Katia Kelly had spent a decade writing her blog about Carroll Gardens, puckishly titled Pardon Me for Asking, till her fame recently shot far beyond the neighborhood. She had made waves locally over the years, going after pushy developers and profligate school administrators. She was a champion of the Gowanus Canal cleanup. She celebrated the arrival of new restaurants and mourned the passing of shops that failed. Last year she uncovered an apparent house of ill repute in the neighborhood. Then she came upon a story in February that still reverberates on a national scale.
One day Kelly was walking around the neighborhood taking photos to post to her blog when a woman struck up a conversation and asked if Kelly wanted “a scoop.” Of course, said Kelly. When the woman asked Kelly if she knew who owned a house on the block, Kelly assumed it would be yet another show-business celebrity. “When she told me ‘Paul Manafort,’ I was a bit stunned. I confirmed that she was talking about the Paul Manafort,” Donald Trump’s former campaign advisor and controversial friend of Russia. Kelly immediately walked over to the address, 377 Union St., to check out the house and take photos.
“I knew almost instantly that this was a big story,” says Kelly. But it was not simply the fact that Manafort owned the house. “That was just mildly interesting to me at first. It was the fact that the neighbors had looked into its ownership because the house had been empty for over three years. The front door had been replaced with a piece of plywood. A huge chain and padlock secured the place. Cinderblock and rusted I-beams had been stored in the front yard for the past year and a half. The place looked abandoned.”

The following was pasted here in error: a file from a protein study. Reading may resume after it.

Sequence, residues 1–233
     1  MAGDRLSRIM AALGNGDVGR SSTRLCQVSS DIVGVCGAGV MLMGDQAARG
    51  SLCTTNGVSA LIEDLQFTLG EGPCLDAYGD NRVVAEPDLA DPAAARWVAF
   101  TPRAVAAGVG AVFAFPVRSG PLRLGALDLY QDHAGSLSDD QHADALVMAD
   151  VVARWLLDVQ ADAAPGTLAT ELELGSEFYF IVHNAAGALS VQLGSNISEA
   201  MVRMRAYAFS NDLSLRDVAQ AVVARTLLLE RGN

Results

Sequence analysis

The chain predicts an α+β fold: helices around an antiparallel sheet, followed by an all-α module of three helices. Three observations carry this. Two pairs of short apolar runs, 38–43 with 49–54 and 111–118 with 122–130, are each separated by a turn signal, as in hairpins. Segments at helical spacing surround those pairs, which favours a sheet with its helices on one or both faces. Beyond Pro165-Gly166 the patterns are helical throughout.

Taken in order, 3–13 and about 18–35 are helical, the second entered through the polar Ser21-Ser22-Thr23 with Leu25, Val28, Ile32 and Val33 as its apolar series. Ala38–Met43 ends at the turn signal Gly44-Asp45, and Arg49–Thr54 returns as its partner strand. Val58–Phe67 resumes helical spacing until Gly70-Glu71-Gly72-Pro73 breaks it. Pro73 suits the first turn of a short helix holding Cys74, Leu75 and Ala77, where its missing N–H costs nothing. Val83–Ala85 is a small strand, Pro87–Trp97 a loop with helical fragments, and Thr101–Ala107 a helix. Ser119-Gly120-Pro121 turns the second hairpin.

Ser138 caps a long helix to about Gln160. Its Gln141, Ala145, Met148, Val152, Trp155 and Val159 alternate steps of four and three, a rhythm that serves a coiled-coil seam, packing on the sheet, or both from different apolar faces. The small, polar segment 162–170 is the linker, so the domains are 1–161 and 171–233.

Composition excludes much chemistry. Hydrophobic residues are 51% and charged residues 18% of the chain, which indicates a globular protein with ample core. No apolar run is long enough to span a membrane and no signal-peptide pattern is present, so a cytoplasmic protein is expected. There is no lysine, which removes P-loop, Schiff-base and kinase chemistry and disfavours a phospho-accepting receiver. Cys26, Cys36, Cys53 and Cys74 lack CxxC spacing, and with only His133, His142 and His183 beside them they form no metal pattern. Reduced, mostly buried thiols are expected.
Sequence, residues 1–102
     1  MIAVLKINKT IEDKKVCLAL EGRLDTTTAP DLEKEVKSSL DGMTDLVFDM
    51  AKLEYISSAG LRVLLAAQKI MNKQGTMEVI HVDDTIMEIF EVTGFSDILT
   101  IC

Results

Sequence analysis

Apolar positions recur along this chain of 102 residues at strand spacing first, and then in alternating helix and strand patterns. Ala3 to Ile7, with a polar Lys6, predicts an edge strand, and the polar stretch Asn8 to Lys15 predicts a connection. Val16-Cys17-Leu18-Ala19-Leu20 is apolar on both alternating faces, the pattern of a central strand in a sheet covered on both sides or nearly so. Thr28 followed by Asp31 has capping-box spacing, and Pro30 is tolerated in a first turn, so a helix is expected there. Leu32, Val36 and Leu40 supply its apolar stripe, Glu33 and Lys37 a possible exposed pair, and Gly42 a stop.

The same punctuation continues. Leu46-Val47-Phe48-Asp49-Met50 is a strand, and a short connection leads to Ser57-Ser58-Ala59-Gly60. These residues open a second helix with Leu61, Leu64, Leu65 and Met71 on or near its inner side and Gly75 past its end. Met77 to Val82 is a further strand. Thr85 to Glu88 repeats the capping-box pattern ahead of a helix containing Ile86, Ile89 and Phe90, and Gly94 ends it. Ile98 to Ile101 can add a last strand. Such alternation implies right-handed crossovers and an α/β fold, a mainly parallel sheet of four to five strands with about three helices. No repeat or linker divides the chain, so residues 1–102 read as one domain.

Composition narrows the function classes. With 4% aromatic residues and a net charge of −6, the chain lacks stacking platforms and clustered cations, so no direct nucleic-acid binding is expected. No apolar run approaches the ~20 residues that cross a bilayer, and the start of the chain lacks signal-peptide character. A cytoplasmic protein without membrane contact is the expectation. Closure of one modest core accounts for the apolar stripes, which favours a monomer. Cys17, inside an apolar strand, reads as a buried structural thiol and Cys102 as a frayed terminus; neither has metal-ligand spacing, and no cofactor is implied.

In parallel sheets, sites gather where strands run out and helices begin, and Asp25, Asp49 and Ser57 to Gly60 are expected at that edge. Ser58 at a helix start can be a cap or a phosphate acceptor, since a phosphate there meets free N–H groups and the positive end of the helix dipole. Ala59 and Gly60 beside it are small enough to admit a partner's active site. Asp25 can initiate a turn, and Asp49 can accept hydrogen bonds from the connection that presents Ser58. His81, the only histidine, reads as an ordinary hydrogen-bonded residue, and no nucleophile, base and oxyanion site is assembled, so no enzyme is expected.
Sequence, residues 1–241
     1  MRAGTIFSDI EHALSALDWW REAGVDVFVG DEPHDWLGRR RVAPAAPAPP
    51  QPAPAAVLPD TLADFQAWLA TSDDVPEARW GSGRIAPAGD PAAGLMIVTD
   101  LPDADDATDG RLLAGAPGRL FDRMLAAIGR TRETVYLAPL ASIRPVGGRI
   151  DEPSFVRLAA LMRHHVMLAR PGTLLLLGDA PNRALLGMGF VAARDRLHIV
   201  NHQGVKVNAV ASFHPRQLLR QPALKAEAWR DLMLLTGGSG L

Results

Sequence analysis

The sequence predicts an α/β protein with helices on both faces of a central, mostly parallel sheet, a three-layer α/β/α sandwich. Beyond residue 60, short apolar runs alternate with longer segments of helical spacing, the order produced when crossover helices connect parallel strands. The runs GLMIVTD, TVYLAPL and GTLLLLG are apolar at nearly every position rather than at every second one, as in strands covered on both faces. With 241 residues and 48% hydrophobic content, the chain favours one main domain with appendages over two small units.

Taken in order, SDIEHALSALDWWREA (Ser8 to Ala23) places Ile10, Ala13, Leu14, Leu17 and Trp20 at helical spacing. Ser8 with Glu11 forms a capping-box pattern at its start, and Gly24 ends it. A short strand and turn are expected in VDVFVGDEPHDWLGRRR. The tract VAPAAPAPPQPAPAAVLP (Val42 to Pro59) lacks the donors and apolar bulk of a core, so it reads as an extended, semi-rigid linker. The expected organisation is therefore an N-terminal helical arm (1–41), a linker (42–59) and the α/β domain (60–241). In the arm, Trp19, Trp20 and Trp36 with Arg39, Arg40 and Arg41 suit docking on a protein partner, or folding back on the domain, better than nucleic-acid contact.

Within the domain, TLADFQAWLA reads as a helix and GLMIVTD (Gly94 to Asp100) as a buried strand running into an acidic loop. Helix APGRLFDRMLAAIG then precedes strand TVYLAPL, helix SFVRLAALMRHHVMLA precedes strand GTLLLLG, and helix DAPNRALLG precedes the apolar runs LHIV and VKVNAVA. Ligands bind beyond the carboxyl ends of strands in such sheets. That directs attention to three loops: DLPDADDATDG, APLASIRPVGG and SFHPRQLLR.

The neighbors, weary of the eyesore, had done some research on their own. They found that the brownstone was owned by a limited liability corporation (LLC), which might have been difficult to trace except that a building permit filed with the city in 2013 mentions a name associated with the corporation: Paul Manafort. Adding to the intrigue, the mortgage on the building looked quite large.
Following up with her own research, Kelly found a tangle of puzzling transactions. “The fact that he had paid cash for the building in 2013, but had taken out several large mortgages, which exceeded the value of the house in February 2017, interested me the most,” said Kelly. “That raised some red flags, especially because there had just been news reports that he had received $12 million from the former Ukrainian administration. With so much money, why take on debt? It also seemed strange that banks would hand over almost $7 million for a house that is probably only worth $3.5 million in its current state.”
Going With the Story